Featured Research

from universities, journals, and other organizations

Flipping A Photonic Shock Wave

Date:
November 10, 2009
Source:
American Physical Society
Summary:
Physicists have directly observed a reverse shock wave of light in a specially tailored structure known as a left-handed metamaterial. Although it was first predicted over forty years ago, this is the first unambiguous experimental demonstration of the effect.

(Top left) Schematic of Cerenkov radiation in a conventional natural medium with positive refractive index, such as water, in which the radiation falls in a cone in the forward direction. (Bottom left) Schematic of backward Cerenkov radiation in a left-handed medium, showing the reversed cone. (Right) Schematic of the two-dimensional experimental configuration and the photographic image of the negative index metamaterials used to demonstrate backward Cerenkov radiation. The metamaterials consist of in-plane split-ring resonators and metal wires.

Physicists have developed a new metamaterial structure that successfully demonstrates reverse Cerenkov radiation. They have directly observed a reverse shock wave of light in a specially tailored structure known as a left-handed metamaterial.

Although it was first predicted over forty years ago, this is the first unambiguous experimental demonstration of the effect. The research is reported in Physical Review Letters and highlighted in the November 2 issue of Physics.

Light moving in a vacuum sets the ultimate speed limit, but light travels more slowly through materials like glass and air. Speedy electrons or other charged particles can briefly outrun light in matter, producing a shock wave in the form of a cone of light known as Cerenkov radiation. The eerie blue glow in the cooling water of nuclear reactors is result of particles moving faster than the speed of light in water. In normal substances, the radiation is emitted in a forward cone. Left-handed metamaterials, however, have unusual effects on light that should reverse the cone's direction.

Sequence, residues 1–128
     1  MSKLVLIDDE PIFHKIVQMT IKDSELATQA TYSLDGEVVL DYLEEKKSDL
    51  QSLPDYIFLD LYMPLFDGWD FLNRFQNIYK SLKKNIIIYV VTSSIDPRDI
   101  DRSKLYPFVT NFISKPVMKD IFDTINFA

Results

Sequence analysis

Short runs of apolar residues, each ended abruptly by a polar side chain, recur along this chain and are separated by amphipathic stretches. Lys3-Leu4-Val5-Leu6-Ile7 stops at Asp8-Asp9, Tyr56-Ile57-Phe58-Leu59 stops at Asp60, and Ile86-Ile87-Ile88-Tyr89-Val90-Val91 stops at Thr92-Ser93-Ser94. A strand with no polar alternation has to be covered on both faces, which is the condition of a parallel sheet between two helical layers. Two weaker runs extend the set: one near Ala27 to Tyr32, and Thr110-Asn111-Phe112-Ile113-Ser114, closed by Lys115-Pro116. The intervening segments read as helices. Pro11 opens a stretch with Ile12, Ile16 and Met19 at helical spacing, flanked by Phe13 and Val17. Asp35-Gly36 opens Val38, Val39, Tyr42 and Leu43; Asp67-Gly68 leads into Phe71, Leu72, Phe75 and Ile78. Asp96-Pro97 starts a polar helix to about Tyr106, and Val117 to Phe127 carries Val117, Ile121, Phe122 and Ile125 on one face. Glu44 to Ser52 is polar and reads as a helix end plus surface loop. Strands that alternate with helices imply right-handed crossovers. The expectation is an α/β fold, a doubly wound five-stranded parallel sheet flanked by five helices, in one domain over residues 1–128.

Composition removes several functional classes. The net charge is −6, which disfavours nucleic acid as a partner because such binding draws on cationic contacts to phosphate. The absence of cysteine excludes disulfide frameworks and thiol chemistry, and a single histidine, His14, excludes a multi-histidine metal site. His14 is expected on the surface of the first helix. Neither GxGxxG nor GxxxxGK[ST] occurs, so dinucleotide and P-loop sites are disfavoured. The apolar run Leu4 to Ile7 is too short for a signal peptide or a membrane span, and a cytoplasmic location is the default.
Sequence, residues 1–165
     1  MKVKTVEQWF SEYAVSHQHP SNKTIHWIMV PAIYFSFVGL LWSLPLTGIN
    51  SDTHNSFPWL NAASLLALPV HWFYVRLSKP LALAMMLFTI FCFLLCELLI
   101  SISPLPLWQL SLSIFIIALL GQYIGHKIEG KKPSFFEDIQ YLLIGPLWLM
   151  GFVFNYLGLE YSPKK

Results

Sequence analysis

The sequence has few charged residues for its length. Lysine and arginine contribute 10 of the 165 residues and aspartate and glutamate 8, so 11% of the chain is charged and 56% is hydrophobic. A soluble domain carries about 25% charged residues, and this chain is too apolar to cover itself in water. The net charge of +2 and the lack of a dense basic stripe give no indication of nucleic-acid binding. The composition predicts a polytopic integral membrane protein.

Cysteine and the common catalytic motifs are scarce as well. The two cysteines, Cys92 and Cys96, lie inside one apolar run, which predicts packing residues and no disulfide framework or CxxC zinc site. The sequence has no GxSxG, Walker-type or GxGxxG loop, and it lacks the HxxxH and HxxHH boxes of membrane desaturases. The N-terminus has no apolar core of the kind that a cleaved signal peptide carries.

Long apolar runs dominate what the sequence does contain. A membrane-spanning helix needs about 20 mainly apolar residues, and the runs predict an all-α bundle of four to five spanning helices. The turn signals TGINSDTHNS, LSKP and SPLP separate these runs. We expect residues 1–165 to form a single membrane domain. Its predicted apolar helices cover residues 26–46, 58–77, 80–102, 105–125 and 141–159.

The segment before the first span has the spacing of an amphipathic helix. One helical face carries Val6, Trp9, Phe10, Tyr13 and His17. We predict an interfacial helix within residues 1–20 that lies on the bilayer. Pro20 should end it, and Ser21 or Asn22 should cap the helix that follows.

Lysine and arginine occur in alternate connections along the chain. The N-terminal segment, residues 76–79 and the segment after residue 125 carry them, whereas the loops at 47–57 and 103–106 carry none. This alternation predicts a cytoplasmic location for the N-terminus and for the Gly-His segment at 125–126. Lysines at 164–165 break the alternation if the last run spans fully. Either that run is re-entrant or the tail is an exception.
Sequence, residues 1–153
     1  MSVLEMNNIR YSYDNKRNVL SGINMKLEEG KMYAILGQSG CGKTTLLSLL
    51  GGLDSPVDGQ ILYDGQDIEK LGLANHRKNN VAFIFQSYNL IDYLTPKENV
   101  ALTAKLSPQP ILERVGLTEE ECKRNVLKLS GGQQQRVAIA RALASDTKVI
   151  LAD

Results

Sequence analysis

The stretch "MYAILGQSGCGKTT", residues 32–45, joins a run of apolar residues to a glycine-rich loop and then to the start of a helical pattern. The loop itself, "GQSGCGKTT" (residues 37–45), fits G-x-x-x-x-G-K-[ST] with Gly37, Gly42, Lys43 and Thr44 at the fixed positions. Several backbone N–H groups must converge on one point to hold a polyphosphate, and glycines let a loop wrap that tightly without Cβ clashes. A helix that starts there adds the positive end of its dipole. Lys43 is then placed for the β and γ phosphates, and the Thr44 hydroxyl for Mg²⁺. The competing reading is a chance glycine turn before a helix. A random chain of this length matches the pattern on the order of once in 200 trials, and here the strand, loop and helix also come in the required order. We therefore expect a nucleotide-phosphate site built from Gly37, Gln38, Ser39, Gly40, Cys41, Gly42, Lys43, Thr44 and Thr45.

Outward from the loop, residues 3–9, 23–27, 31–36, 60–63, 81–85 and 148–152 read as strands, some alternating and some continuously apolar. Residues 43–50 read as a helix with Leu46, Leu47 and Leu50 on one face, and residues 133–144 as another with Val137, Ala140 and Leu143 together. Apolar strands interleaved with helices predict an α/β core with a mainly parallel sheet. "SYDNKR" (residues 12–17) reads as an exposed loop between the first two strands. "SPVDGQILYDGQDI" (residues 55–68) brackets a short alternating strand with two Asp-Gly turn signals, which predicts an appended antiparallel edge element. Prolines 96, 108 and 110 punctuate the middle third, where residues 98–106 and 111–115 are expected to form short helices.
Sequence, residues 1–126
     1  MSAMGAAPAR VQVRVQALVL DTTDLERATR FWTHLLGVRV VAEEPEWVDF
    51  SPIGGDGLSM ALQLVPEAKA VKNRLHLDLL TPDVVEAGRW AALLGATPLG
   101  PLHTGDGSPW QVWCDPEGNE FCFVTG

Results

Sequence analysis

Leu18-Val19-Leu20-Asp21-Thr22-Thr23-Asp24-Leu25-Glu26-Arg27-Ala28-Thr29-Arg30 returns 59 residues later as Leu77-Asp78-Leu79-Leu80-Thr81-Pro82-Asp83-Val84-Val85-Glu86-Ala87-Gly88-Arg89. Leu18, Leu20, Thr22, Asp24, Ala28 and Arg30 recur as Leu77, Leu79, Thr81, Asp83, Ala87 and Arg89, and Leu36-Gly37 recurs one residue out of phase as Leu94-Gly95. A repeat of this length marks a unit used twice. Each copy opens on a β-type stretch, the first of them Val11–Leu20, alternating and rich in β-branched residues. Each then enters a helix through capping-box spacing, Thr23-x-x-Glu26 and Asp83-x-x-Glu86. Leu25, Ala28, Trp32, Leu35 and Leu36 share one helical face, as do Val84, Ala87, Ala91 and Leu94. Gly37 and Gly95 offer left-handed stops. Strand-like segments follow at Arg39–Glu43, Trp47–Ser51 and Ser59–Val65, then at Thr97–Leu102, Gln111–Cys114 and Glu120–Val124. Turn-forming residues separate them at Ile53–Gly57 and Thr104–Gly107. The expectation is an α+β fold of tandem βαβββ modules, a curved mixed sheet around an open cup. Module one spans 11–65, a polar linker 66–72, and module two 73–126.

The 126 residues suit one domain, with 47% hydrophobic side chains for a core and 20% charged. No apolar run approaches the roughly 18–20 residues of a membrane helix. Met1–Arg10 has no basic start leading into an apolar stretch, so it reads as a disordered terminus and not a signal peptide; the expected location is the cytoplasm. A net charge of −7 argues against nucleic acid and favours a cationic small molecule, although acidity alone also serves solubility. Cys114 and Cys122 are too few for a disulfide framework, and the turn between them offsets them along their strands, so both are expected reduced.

When light enters a normal material like glass, it changes direction, allowing us to make lenses that correct poor vision. When light enters a left-handed metamaterial, the change is opposite to the direction that would occur in normal materials. (The materials are "left-handed" because they affect light oppositely from "right-handed" normal materials.) This means that the cone of Cerenkov radiation from a faster-than-light particle should propagate backward in a left-handed metamaterial. But experimental difficulties have prevented confirmation of the effect despite its prediction in 1968.

Now a team of physicists at Zhejiang University in China and the Massachusetts Institute of Technology has developed a new metamaterial structure that successfully demonstrates reverse Cerenkov radiation. Instead of injecting faster-than-light particles into their metamaterial, they created an optical analogue of particles moving at twice light speed. This allowed them to produce a much stronger burst of reverse Cerenkov light than they could have gotten with a real particle beam. Besides verifying a decades-old theoretical prediction, the experiment suggests a new possible application of left-handed metamaterials as detectors of high-speed particles in accelerators and other experiments.